They didn’t tell me at the reception what the purpose of the brochure is, it’s a pity. And if the purpose is indeed to provide the necessary information throughout the visit, considering the length of the texts (moreover, without a distinction between Portuguese and English, which makes us think that we have to read the double), it would be necessary to have more seats in the rooms and in places where visitors could read and see the works at the same time. Ideally, these texts (well written and, in general, accessible in terms of comprehension) should have been a bit shorter so that they could have been placed on the wall, next to the works.

Click on the image to enlarge.
It is in this brochure that we also find the introductory text by Filipa Oliveira, the one I cited earlier. We feel surprised at the fact that the curator addresses the visitor in a informal way. It is unusual in Portugal and it is not consistent with the way the question on the banner (and on the back cover of this same brochure) has been formulated, in the usual formal way. We are also left thinking that the question, the one that sparked a smile and seemed to be inviting us for a dialogue and joint reflection, is probably a rhetorical question. The curator herself tells us in this text what museum we should dream of: "[a museum that deals] with many of the issues we think as essential to this debate: participation, sharing, diversity, exploration, community and the creation of new narratives and new pespectives". I don’t disagree, on the contrary. But if the question on the banner was sincere, this would be the moment for the curator to admit, rather than making a statement, that this is the museum she dreams of and that his dream may or may not be shared by visitors, that she is willing to discuss it.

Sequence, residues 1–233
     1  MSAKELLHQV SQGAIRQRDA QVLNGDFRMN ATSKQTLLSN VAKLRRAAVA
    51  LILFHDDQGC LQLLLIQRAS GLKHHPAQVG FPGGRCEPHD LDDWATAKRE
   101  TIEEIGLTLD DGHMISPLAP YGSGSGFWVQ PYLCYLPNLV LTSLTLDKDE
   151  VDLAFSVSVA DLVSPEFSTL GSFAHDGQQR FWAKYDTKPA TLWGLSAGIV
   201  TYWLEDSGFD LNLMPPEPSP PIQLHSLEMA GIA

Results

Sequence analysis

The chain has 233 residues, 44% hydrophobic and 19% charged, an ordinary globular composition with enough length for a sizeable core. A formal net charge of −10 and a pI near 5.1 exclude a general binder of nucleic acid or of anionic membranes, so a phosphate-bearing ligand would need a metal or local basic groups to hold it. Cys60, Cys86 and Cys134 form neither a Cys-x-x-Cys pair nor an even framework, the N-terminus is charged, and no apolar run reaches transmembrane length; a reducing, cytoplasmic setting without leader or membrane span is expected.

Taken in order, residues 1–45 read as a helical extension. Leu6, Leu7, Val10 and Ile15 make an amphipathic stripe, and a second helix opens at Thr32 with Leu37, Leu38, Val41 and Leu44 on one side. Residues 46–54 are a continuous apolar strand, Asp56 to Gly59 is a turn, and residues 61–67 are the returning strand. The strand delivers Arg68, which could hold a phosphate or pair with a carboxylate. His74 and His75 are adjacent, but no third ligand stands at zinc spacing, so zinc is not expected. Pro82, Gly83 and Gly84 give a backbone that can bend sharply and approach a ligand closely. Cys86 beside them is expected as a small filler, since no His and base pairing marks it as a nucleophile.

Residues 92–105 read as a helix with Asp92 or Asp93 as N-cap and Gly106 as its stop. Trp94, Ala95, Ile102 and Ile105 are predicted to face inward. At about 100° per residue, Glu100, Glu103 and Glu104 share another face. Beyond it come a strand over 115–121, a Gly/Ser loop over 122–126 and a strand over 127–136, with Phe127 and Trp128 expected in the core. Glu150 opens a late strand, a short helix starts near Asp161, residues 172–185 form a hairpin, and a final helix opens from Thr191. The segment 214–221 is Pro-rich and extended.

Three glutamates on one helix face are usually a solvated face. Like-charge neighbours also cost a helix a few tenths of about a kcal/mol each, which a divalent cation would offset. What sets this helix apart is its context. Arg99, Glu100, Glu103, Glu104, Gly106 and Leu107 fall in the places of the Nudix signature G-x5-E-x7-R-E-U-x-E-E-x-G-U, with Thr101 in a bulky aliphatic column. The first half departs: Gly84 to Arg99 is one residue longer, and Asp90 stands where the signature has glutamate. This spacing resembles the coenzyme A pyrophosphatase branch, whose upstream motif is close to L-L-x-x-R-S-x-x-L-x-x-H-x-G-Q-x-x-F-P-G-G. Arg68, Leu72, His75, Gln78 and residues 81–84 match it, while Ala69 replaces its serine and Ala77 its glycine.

The details I have set out here resulted in the experience in the exhibition "The Coming Museum” not fully corresponding to my expectations. But something is certainly happening in Évora. The reflection that Filipa Oliveira shares with us, the way she communicates it, the exhibition and parallel programming which are not limited to the FEA, but expand elsewhere in the city of Évora, are, I believe, the right ingredients to achieve the positioning that was initially announced. I will try to keep in touch. It will be with great pleasure, curiosity and expectation that I will follow FEA’s work, which might just become the museum I dream of.